Institute of Medical Virology and Epidemiology of Viral Diseases
Department of Hand and Plastic Surgery, Burn Center, BG Trauma Center, University Hospital of Tübingen, Tübingen, Germany
Department of Pathology, Vrije Universiteit Medical Center, Amsterdam, The Netherlands
To date, only seroepidemiological data are available on the role of human cytomegalovirus (HCMV) in patients with severe burns. We present the first longitudinal analysis of disseminated HCMV infection with a demonstration of self-limited productive viral replication identified in both the blood and lung of a burn patient.
An otherwise-healthy, 40-year-old female presented to our burn center after having suffered a 65% total body-surface-area self-immolation burn. She sustained full-thickness burns to her neck, both her arms, her chest, her abdomen, and her back as well as partial-thickness burns to both upper and lower extremities. On postburn day 2, a tracheostomy was performed. Subsequently, a fascial excision of all of the full-thickness-burned area was performed, and the area was covered with glycerol-preserved allogeneic skin (Euroskin; Beverwijk, The Netherlands). After removal of the cadaver skin, meshed split-thickness autologous skin was transplanted to both the arms and the neck. On hospital day 23, after the removal of the cadaver skin from the patient's chest and abdomen and the debrided areas on both legs, these areas were grafted with cultured epithelial autografts (Epicel; Genzyme Tissue Repair, Cambridge, MA) simultaneously overlaid on acellular allogeneic dermis (AlloDerm; LifeCell Corp., Branchburg, NJ). The back was grafted with split-thickness autologous micrografts (1:6; Meek) simultaneously overlaid on Alloderm. All areas of the skin transplants healed uneventfully, with the exception of the back. The transplanted area on the back developed a heavy bacterial colonization with pus and partial graft loss 10 days after transplantation (postburn day 56). Wound swabs revealed Staphylococcus epidermidis and Staphylococcus aureus, while blood cultures stayed negative for bacterial pathogens. As a result of wound care and intravenous antibiotics, wound healing without sequelae was observed within 2 days. During the course of the intensive care unit stay, the patient suffered from multiple septic episodes (3) with body temperatures of >38°C or <36°C, tachycardia of >90 beats/min, tachypnea or a need for mechanical ventilation, and leukocytosis of >12 x 103 cells/mm3 or <4 x 103 cells/mm3 (3). Daily chest X rays excluded any radiological evidence of interstitial pneumonia. Within the first 3 weeks after the burn, the patient received 32 units of packed red blood cells. The patient was weaned from the ventilator on hospitalization day 77 and discharged from the intensive care unit 4.5 months after the injury.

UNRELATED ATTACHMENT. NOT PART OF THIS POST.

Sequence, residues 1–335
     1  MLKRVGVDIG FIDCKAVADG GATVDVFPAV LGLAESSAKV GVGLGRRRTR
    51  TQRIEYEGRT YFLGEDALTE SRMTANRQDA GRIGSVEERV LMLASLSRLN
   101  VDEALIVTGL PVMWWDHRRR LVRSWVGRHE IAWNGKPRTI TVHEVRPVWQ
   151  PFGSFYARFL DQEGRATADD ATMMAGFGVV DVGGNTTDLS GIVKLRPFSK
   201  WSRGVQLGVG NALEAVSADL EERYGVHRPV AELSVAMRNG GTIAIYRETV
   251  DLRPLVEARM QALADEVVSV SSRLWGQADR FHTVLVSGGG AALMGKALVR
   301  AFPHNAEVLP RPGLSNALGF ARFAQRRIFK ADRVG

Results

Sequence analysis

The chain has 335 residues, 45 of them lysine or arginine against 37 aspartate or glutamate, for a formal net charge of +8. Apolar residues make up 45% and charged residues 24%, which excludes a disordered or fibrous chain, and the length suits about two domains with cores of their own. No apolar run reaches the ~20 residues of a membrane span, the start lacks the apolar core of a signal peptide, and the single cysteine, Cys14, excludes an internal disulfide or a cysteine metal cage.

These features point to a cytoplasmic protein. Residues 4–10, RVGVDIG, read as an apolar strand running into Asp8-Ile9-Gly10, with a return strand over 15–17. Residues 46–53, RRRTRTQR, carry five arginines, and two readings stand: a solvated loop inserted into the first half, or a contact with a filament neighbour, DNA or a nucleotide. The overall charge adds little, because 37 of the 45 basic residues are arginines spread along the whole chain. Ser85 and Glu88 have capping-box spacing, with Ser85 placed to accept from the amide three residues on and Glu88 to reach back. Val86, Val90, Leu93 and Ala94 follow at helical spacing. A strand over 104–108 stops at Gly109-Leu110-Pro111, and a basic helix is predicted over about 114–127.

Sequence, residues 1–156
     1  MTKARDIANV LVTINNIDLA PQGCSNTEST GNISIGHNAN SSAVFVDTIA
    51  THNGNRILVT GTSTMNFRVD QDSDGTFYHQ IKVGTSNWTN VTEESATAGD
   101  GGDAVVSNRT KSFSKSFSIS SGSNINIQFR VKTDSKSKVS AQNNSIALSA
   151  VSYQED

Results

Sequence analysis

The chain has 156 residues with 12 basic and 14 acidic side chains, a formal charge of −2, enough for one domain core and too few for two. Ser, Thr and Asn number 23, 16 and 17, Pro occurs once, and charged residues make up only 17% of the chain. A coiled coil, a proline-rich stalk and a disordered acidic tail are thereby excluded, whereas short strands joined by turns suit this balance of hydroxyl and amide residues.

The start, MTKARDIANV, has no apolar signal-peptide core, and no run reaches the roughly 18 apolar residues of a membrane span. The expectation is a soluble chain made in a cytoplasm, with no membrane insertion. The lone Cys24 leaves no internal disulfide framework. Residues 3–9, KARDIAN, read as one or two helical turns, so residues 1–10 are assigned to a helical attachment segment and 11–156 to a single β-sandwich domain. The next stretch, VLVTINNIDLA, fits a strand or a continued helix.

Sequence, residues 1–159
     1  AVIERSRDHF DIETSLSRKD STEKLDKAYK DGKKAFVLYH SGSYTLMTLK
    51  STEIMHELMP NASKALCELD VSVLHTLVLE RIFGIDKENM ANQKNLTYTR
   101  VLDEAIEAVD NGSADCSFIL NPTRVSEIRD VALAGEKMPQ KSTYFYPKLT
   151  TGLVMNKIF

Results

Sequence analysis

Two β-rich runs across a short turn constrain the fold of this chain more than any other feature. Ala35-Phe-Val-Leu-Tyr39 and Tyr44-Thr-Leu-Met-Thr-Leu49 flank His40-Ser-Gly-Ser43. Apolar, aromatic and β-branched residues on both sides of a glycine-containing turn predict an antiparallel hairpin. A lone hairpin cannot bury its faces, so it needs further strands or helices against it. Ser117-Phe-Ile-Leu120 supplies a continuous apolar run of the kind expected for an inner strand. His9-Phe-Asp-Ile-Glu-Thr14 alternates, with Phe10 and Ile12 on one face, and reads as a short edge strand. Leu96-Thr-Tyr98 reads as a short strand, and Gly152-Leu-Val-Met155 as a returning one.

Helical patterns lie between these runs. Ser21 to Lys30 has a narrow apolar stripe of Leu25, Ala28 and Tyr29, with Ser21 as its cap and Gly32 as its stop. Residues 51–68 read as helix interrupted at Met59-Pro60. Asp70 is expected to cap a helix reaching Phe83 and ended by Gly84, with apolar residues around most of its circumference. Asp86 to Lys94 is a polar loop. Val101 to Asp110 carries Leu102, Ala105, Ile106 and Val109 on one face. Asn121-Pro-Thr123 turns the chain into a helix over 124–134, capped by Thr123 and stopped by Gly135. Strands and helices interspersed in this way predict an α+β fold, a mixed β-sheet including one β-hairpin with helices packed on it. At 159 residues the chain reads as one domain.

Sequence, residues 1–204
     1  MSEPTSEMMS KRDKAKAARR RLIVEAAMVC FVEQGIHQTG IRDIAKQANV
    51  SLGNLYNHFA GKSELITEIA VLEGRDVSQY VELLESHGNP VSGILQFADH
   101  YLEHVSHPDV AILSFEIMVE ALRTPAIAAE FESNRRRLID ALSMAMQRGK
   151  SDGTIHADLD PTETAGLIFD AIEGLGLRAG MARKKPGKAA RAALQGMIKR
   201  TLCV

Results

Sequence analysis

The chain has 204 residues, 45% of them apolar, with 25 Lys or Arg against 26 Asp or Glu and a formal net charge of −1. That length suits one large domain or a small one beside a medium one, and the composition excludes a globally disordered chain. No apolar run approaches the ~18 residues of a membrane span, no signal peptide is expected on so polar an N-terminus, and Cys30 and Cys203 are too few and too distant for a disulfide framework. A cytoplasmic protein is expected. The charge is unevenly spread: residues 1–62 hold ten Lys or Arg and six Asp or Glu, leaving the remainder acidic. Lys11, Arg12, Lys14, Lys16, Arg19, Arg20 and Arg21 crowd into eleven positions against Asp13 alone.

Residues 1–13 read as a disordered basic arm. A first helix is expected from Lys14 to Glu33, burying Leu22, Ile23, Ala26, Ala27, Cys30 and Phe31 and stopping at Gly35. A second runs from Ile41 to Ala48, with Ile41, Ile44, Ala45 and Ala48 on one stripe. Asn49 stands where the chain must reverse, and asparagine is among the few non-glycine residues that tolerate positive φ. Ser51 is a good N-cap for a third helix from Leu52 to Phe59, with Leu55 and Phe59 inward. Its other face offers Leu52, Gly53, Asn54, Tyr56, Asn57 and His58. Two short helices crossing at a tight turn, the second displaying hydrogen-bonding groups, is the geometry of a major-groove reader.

Longitudinal human cytomegalovirus (HCMV) screening was performed using serology, virus culturing, and nucleic acid amplification techniques from day 0 to day 120 after the burn (Fig. 1). Serology was done by anti-HCMV immunoglobulin G (IgG)/IgM enzyme-linked immunosorbent assay (DiaSorin, Düsseldorf, Germany). Virus culturing was performed by conventional tube cell culturing of bronchoalveolar lavage (BAL) fluids, throat swabs, urine samples, and skin biopsy specimens. Nested PCR with leukocytes, plasma, BAL fluids, throat swabs, and skin biopsy specimens was performed using primer sequences from the HCMV immediate-early region exon 4 (8). Quantitative HCMV DNA was detected with a COBAS AMPLICOR CMV MONITOR test (Roche Diagnostics), and qualitative HCMV late pp67 mRNA was screened by nucleic acid sequence-based amplification (Organon Teknika, Boxtel, The Netherlands) (5) from blood and BAL fluids.